[Blackstudies-l] Art museum’s Haitian collection explores spirituality, history, daily life

Maria Lima lima at geneseo.edu
Sat Feb 18 07:21:16 EST 2017


one reason to go to Milwakee 😊


lisaparavisini posted: " A report by Sarah Hauer for the Milwakee Journal
Sentinel. Amid works of Haitian art, pillars creating a lakou stand in the
middle of the gallery in the Milwaukee Art Museum. A lakou, which
translates into English as a courtyard, serves as space for pe"
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<http://repeatingislands.com/author/lisaparavisini/> Art museum’s Haitian
collection explores spirituality, history, daily life
<http://repeatingislands.com/2017/02/17/art-museums-haitian-collection-explores-spirituality-history-daily-life/>
by
lisaparavisini <http://repeatingislands.com/author/lisaparavisini/>

[image: Screen Shot 2017-02-17 at 10.33.35 PM.png]

A report by Sarah Hauer for the *Milwakee Journal Sentinel*.
<http://www.jsonline.com/story/entertainment/arts/art-city/2017/02/17/art-museums-haitian-collection-explores-spirituality-history-daily-life/97908152/>

Amid works of Haitian art, pillars creating a lakou stand in the middle of
the gallery in the Milwaukee Art Museum. <https://mam.org/>

A *lakou,* which translates into English as a courtyard, serves as space
for people to gather for purposes as varied as sacred space to a place to
clean and sort rice. This lakou is surrounded by work in three styles of
Haitian art – Port-au-Prince, Capashen and Croix-des-Bouquets – on the
museum's mezzanine level.

Most of it was donated to the museum by collectors Richard and Erna Flagg.
<http://collection.mam.org/search.php?type=collection&search=91> The
couple left the Germany during the rise of the Nazi regime and Richard
Flagg became a successful tanner in Milwaukee. Kantara Souffrant, manager
of the museum's schools and teachers program, related the story of Richard
Flagg walking through the streets of New York City one day in 1973 and
seeing a work of art unlike anything he had seen before.

"He trusted that it was good because he had cultivated an eye as a
collector," Souffrant said.

He bought it and thus what would become one of the best Haitian art
collections in the world. That collection was gifted to MAM in 1991.

Sorted by style, the work addresses spiritual traditions, everyday life and
history of Haiti. Most of the artwork in the collection was created in the
1950s, '60s and '70s.

The northwestern section is filled with paintings in the Port-au-Prince
style, defined by Hector Hyppolite, a painter and Vodou priest whose
paintings often include references to spirits and Vodou. At the time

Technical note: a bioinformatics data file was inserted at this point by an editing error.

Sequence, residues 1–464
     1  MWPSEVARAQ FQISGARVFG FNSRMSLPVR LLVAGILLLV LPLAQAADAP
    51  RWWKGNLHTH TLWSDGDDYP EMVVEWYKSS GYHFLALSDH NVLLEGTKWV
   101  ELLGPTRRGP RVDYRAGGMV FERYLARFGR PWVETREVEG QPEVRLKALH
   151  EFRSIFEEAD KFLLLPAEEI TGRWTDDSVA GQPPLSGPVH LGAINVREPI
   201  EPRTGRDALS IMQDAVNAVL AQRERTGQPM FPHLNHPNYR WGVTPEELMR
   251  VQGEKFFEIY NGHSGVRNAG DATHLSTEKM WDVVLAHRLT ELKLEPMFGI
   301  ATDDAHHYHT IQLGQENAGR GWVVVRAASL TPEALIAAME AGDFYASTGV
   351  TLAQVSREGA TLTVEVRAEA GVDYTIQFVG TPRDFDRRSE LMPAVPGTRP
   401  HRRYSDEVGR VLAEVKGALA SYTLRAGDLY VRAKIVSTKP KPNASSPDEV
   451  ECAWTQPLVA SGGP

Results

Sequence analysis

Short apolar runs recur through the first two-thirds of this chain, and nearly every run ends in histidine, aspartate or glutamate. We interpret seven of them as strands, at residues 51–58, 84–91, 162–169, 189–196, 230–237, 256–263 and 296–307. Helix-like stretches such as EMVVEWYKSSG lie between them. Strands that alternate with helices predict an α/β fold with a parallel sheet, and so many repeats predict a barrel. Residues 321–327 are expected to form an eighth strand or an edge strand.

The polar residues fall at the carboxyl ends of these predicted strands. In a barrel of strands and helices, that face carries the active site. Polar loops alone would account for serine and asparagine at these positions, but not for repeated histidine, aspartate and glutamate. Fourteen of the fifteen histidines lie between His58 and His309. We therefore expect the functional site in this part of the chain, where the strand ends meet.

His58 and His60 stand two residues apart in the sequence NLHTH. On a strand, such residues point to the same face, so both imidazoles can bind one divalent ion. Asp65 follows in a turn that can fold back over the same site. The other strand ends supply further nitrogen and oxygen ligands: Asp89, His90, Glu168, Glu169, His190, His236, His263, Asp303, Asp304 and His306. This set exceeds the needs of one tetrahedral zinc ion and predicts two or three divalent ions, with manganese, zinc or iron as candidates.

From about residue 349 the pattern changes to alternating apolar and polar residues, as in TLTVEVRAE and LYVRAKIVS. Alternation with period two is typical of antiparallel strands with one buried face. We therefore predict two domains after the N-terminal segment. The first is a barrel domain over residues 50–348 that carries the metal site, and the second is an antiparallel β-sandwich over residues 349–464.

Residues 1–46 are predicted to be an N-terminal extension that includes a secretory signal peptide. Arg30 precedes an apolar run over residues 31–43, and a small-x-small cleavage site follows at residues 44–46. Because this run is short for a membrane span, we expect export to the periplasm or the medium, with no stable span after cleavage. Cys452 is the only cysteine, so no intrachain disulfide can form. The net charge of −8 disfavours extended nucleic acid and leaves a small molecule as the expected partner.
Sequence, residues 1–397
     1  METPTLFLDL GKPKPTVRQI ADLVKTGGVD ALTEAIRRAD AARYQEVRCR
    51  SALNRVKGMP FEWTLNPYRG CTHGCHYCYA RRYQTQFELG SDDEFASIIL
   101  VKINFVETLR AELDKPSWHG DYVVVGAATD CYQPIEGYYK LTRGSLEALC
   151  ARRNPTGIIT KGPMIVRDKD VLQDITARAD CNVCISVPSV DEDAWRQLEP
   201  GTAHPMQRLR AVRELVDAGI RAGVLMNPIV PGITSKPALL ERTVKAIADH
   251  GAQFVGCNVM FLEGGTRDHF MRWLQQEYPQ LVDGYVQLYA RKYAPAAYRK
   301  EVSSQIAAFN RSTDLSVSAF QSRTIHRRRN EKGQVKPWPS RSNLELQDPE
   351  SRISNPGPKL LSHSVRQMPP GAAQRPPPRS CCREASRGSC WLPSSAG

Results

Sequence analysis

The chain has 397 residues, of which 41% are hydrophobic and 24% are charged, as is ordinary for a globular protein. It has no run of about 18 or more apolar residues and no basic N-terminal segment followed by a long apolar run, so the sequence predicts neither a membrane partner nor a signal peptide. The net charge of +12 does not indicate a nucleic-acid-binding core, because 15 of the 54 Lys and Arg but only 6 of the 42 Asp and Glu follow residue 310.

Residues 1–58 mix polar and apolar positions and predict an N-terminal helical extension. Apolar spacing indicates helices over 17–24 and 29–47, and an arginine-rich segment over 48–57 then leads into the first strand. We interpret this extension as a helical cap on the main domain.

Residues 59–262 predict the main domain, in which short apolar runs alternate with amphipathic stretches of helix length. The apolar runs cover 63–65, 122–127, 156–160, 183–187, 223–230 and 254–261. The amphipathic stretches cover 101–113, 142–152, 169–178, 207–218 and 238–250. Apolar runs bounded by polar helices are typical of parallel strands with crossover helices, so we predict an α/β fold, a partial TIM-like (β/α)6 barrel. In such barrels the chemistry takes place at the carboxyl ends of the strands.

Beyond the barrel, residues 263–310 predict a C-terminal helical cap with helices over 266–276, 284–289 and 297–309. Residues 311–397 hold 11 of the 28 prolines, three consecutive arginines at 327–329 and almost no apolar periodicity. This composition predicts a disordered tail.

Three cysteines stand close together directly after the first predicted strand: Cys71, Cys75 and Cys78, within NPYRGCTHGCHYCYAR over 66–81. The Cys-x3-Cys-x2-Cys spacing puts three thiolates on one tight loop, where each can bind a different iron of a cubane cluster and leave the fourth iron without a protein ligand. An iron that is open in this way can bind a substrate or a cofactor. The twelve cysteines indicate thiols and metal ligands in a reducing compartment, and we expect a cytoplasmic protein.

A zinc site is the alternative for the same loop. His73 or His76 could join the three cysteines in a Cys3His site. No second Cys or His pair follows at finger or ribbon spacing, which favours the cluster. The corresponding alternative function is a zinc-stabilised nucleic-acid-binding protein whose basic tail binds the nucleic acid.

Hyppolite worked, the Catholic Church and the Haitian government were
discouraging Vodou and black nationalism was on the rise. His paintings
like "Saint Francis and the Christ Child" show figures like the patron
saint of animals as dark-skinned rather than white.

His use of Vodou spirits "becomes a way of him saying actually I am here I
refuse to deny this part of my cultural tradition," Souffrant said. Vodou,
Souffrant said, "sees every single thing in this world as having spirit and
being divine. From water, earth, trees to you and I."

Shown on the eastern wall is art in the visually flatter Capashen style,
which focuses on architecture history. These works are brought to life
through an audio station that allows visitors to hear what the scene in the
painting, if real, would sound like through spoken word and music.

The Capashen grouping here walks visitors through important moments in
Haiti's history. "The Crucifixion of Charlemagne Péralte for Freedom" by
Philomé Obin shows how Haitian history is intertwined with the United
States. From 1915 until 1934, U.S. Marines occupied the country. Péralte
was a leader in the Haitian nationalist opposition to occupation. He was
betrayed by one of his own men and shot dead by a U.S. Marine. Péralte was
tied to a door and a flag was draped over him. The Marines took a picture
of his body
<http://www.newyorker.com/culture/photo-booth/haiti-u-s-occupation-charlemagne-peralte>
and spread it around the country. Obin's painting, completed 50 years after
Péralte's death, is based on that image.

Grand sculptures made from oil drums from the Croix-des-Bouquets fill the
southern wall. The steel forming "Circular Compositions (Kompozisyon
Anwon)" (1972) by Sérésier Louisjuste shows human manifestations of the
spirits and animals. In a hands-on station, visitors can feel how the thick
steel from the oil drums is flattened and cut into the sculptures.

In February, visitors can also enjoy related Saturday afternoon
performances in the Haitian area. Ko-Thi Dance Company will perform at 1
p.m. Feb. 18. Jahmes Finlayson and Friends will play African-rooted music
in the Haitian area at 1 p.m. Feb. 25.
*lisaparavisini <http://repeatingislands.com/author/lisaparavisini/>* |
February 17, 2017 at 10:35 pm | Categories: News
<http://repeatingislands.com/category/news/> | URL: http://wp.me/psnTa-tLl

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